Maintenance of a section 1983 claim requires a showing that the defendant acted under color of state law, but the Supreme Court has held that private parties acting in a conspiracy with a state official to deprive others of constitutional rights are also acting "under color" of state law. See Dennis v. Sparks, 449 U.S. 24, 27-28, 101 S.Ct. 183, 186-87, 66 L.Ed.2d 185 (1980); Adickes v. S.H. Kress Co., 398 U.S. 144, 152, 90 S.Ct. 1598, 1605, 26 L.Ed.2d 142 (1970); United States v. Price, 383 U.S. 787, 794, 86 S.Ct. 1152, 1156, 16 L.Ed.2d 267 (1966). Consequently, such private parties can be subject to liability under section 1983. See Adickes, 398 U.S. at 152, 90 S.Ct. at 1605. It follows that federal employees who conspire with state officials to violate someone's constitutional rights are treated as acting under color of state law. See Hampton v. Hanrahan, 600 F.2d 600, 623 (7th Cir. 1979), rev'd in part on other grounds, 446 U.S. 754, 100 S.Ct. 1987, 64 L.Ed.2d 670 (1980).
The Melo complaint alleges that West transmitted the "jobs bought" list to Hafer when she was a candidate "with a knowledge, understanding and expectation that he would be creating a campaign issue favorable to Ms. Hafer and that Ms. Hafer, if elected, would fire all the people on the list." Melo App. at 13. Assuming arguendo that the alleged working relationship between Hafer and West during the fall 1988 campaign constitutes "concerted" or "joint" action sufficient to transmute West, a private actor, into one acting under color of state law, see Robb v. City of Philadelphia, 733 F.2d 286, 291-92 (3d Cir. 1984); Cruz v. Donnelly, 727 F.2d 79, 82 (3d Cir. 1984), it is insufficient in this case because Hafer was not a state actor at the time of the alleged concerted and conspiratorial conduct. We note that the complaint does not allege that Hafer and West conspired at any time after Hafer took office.
It is true that conspirators can be held liable for subsequent acts taken pursuant to a conspiracy, see Hampton, 600 F.2d at 621, and that the Melo plaintiffs have alleged that their firing after Hafer became a state official was "in the course of, in furtherance of and was the culmination of the aforesaid conspiracy." Melo App. at 18. However adequate these allegations might be, if proven, to impose liability under civil conspiracy law generally for acts subsequent to the formation of the conspiracy, they do not supply the missing link of action under color of state law.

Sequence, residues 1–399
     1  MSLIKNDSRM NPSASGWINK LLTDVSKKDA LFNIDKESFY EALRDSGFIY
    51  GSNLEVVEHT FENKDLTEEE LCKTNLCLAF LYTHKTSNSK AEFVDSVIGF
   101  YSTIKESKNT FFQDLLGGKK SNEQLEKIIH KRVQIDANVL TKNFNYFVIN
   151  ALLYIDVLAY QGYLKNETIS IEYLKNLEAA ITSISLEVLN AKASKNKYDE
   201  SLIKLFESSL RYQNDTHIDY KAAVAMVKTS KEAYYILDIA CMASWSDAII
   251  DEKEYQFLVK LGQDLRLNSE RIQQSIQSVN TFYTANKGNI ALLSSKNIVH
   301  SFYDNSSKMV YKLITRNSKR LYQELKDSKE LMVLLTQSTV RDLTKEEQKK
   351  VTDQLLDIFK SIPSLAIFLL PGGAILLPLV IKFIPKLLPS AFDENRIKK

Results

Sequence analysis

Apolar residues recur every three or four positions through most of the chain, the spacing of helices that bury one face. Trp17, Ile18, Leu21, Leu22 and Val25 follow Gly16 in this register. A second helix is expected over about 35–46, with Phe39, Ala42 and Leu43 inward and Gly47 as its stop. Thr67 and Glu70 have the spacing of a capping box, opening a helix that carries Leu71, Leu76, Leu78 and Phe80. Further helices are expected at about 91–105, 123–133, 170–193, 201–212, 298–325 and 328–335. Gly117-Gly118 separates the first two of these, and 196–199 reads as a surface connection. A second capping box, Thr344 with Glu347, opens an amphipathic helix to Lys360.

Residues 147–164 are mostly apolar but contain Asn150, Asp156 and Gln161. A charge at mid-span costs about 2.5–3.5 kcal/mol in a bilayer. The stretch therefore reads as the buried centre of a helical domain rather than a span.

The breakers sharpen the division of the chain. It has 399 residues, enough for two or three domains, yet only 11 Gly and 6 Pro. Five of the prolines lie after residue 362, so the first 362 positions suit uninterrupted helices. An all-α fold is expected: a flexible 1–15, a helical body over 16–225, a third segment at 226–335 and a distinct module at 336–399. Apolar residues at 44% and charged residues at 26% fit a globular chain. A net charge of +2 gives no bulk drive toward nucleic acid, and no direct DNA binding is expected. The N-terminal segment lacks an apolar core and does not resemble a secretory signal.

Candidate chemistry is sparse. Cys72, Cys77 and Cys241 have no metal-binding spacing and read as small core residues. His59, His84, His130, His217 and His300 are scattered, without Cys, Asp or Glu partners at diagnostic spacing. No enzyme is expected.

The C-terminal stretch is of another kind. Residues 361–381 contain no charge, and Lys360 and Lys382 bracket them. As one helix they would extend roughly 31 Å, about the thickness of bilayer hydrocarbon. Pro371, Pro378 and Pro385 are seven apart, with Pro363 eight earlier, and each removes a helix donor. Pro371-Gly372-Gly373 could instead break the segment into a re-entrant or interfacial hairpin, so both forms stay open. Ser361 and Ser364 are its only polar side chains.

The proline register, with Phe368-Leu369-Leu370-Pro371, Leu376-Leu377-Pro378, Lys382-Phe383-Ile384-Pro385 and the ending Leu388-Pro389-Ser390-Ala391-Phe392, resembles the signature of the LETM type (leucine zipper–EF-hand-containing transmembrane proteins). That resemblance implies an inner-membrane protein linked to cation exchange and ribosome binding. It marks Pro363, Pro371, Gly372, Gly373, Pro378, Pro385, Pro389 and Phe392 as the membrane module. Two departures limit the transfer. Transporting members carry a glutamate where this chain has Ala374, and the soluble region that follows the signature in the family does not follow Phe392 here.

When a private party has been held to be acting under color of state law, it has always been because of action in conjunction with an official who was then a state actor. See, e.g., Adickes, 398 U.S. at 149-52, 90 S.Ct. at 1603-06; Lugar v. Edmondson Oil Co., 457 U.S. 922, 941-42, 102 S.Ct. 2744, 2755-56, 73 L.Ed.2d 482 (1982); United Steelworkers of America v. Phelps Dodge, 865 F.2d 1539, 1546-47 (9th Cir.) (en banc), cert. denied, ___ U.S. ___, 110 S.Ct. 51, 107 L.Ed.2d 20 (1989); Robb, 733 F.2d at 291-92. It is the presence of that state actor that clothes the private party with the "under color of state law" vestment. See Adickes, 398 U.S. at 152, 90 S.Ct. at 1605 ("`Private persons, jointly engaged with state officials in the prohibited action, are acting "under color" of law for purposes of the statute.'") (quoting Price, 383 U.S. at 794, 86 S.Ct. at 1156 (1966)) (emphasis added); Lugar, 457 U.S. at 941, 102 S.Ct. at 2756 ("private party's joint participation with state officials in the seizure of disputed property is sufficient to characterize that party as a `state actor' for purposes of the Fourteenth Amendment") (emphasis added). When neither of the parties who allegedly conspired is a state official, there is no state actor to supply even a colorable basis for investing the private actor with a state mantle, even if one of the parties later becomes a state official. Plaintiffs have cited no case for such a proposition, and we see no reason to stretch the law so far. It follows that the Melo complaint failed to state a section 1983 claim against West, and the court did not err in dismissing that claim.